The river that is a source of life for this community is seasonal. During very dry months, the river dries up, and people are forced to dig into the riverbed to get water.

Pastor Momboshi’s prayers for a reliable water source were realized when generous donors paired with OneChild to drill a water well.

Rose says the water from the riverbed was not healthy for consumption, but they had no other options.

“When the river is dry, animals walk through as they head out for grazing or when they come in to take water. They excrete, and this goes into the water underground,” she says. “So, when you dig up and get the water for cooking, for example, tea, the smell of animal urine would be in the tea, but what do you do?”

Pastor Momboshi, who serves at the church that hosts the Hope Center, says the cry of people in the community and even in the Hope Center made him cry to God for help.

He says that since 2009, when OneChild set up the Hope Center there, they used to purchase 792 gallons of water per program day, which cost the equivalent of $40.

Orumoi brings jugs to the new well to fill up for his family’s needs.

Even then, there was never enough water. “We had to ration the water so that every child would get some,” Momboshi says. “It was hard then. Imagine having to limit water, which is life, for kids just so that everyone gets it.”

He says the more he prayed about the water, the more he was convinced that they would one day put an end to the cry for water. He just didn’t know when, how, and who would help the community, but he trusted God.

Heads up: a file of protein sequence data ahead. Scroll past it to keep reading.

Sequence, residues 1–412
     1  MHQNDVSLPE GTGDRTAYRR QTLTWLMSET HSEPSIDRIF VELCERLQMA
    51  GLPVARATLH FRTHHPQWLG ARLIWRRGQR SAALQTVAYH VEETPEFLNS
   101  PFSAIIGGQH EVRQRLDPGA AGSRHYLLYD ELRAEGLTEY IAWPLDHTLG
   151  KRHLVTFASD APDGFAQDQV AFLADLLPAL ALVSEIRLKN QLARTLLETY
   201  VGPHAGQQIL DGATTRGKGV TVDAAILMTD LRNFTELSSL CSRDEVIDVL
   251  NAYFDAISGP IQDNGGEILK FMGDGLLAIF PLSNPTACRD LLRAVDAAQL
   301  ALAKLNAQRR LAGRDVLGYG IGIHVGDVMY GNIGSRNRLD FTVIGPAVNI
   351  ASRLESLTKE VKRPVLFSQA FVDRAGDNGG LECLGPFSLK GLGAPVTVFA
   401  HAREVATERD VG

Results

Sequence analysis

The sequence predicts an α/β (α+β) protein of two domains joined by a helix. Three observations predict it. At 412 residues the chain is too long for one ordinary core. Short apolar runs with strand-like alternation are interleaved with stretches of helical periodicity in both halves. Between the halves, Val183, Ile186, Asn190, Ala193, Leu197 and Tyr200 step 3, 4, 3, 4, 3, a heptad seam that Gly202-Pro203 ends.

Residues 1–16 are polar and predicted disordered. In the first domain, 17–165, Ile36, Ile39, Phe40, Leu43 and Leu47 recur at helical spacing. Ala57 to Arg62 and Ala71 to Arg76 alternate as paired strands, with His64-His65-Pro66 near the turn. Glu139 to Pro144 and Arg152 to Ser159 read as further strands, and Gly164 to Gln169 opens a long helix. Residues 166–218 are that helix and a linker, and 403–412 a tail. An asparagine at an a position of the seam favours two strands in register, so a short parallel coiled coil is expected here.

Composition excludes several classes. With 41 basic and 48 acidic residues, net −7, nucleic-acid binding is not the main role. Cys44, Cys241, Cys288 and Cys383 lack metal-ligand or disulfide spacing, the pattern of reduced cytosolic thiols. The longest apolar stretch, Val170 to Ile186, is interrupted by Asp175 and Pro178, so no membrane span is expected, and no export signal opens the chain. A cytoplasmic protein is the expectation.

“This place gets dry, but I knew and trusted that God would change this little desert into a paradise,” he says.

Generous Donors Answer Prayers

And as he prayed, God sent help. In 2021, Celebration Church in Shreveport, Louisana, partnered with OneChild to gift the community with a well.

A borehole was drilled at the Hope Center, and by December 2021, fresh water was available to the community for the first time in its history.

Members of the community stop by the new well to fill up their jugs with fresh, clean water.

“I had never before drunk fresh water at home,” Orumoi says. “It was my first time tasting fresh water from the borehole. I am beyond delighted that someone gifted us this borehole.”

In addition to drinking fresh water, Orumoi now attends his evening school session because he no longer has to walk a long way to get water. He also gets to shower daily, wash his clothes with ease, and no longer carries water to school because the school gets water from the Hope Center, which is adjacent to it.

His mother says she now has time to rest because she no longer spends hours fetching water every day. She is also able to do her laundry, cook, and have enough drinking water for her family and livestock.

Community members are now able to easily get water from the Hope Center for their households and animals.

Rose adds that the presence of water has helped curb violence that had cropped up in the community.

“Our young girls and women were being raped and attacked as they went down to the river to fetch water,” she says. “We had people hiding up in the bushes near the river, waiting to attack any girl or woman who walked alone to the river, and we were beginning to fear for our girls and women.

“This water has not only quenched our thirst as a community, but it is also helping keep our girls and women safe.”

Pastor Momboshi says that in addition to the Hope Center now having enough water for everybody, church attendance has greatly improved.

“Before, we had to wait until 11 a.m. to start our church services on Sundays because people would be out fetching water from 6 a.m. til around 10,” he says. “But now, we begin our services at 8 a.m., and those that don’t have water at home get to go home with water after the service.”

With the availability of water, Pastor Momboshi also hopes to plant trees and flowers at the Hope Center to beautify the landscaping.